Tone analysis was a unique feature of the Amazon Halo Fitness Band that I was very interested in using. You set it up by pressing a button on the side of the Halo band and reading from the app a half a dozen short passages and then the app will tell you that you’re all set. I have been viewing the results for a week now and honestly have no clue what use the information is or what I can do to “improve.” In addition, it’s interpretation of my speech seems bizarre and inaccurate. The paranoid among us might think that Big Brother Amazon put this feature in the Halo to be able to record stuff you are saying all day long. You can press the button on the side of the band and it (supposedly) turns off the band’s mic.
Amazon Halo Review Conclusion
I’ve had the Amazon Halo on every minute (except bathing) for seven days now. It’s attractive on my wrist and lightweight enough to sleep with. For folks that need a device to monitor their exercise, this is not it. It provides no real-time feedback or information – in particular actual heart rate and activity zones. The special features like tone analysis seem useless, and the body fat measure is inaccurate and you don’t need the band to measure that.
Fitbit information is available in app or in browser. Halo is app only. Fitbit proves all measurements free of charge, without subscription to their premium service. Halo gave us 6-months free of their paid subscription which is required to see most data.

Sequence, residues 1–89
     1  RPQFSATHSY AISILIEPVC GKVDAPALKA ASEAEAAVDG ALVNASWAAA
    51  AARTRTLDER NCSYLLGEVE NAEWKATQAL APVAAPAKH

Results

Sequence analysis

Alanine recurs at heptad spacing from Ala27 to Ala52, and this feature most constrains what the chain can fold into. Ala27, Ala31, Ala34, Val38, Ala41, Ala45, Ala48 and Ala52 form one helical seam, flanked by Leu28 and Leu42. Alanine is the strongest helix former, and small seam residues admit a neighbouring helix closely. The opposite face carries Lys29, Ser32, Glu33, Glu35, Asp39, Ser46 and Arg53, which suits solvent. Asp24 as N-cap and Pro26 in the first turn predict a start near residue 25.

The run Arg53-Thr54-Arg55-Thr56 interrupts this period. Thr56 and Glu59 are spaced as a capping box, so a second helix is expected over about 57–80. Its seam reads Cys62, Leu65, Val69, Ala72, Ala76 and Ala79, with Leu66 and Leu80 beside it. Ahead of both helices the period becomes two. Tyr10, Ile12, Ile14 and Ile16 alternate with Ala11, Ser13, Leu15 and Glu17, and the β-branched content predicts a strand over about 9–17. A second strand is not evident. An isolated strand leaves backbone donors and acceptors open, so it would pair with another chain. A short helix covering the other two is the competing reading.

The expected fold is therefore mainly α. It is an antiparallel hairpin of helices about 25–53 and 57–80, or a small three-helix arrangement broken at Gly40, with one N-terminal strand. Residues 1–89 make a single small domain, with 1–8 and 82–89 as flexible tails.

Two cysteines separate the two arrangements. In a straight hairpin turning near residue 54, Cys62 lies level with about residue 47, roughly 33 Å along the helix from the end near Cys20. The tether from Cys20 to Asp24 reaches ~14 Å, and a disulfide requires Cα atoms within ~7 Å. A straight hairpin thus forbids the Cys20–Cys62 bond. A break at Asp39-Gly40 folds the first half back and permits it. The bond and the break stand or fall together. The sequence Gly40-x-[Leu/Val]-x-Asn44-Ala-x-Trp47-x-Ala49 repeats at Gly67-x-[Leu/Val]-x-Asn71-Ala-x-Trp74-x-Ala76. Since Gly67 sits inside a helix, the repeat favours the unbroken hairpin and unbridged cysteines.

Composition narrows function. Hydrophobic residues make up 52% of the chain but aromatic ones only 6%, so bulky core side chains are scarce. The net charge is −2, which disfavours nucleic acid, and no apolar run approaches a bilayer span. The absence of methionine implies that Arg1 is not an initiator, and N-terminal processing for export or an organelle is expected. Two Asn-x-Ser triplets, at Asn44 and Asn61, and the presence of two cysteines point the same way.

“Membership includes body composition, tone of voice analysis, sleep & activity tracking, and more — free for 6 months. Auto-renews at $3.99/month + tax. Contact Customer Service to cancel.“
I am putting my Amazon Halo Fitness Band in the drawer, licking my wounds for the $65 plus another $16 for the sport band and going to keep using my Fitbit Charge 4. And I’ll hope Google doesn’t screw up Fitbit when they finally get the buyout completed.
There is a place for a lightweight, attractive band that provides basic activity measurements. I’m thinking something made by David Yurman, Movado, Rolex, Tag Heuer, etc, that wears and looks like a jewelry bracelet but keeps track of heart rate, steps and sleep. I could see taking off my Fitbit and wearing that when I go out for cinema or dinner. Neither the Halo nor anything Fitbit comes close to that.
Given Amazon’s wealth and tech resources it is shocking that the Halo’s concept is so badly conceived and worse, executed so poorly. Didn’t they have anyone on their development team that actually exercises?
Categories: Product Reviews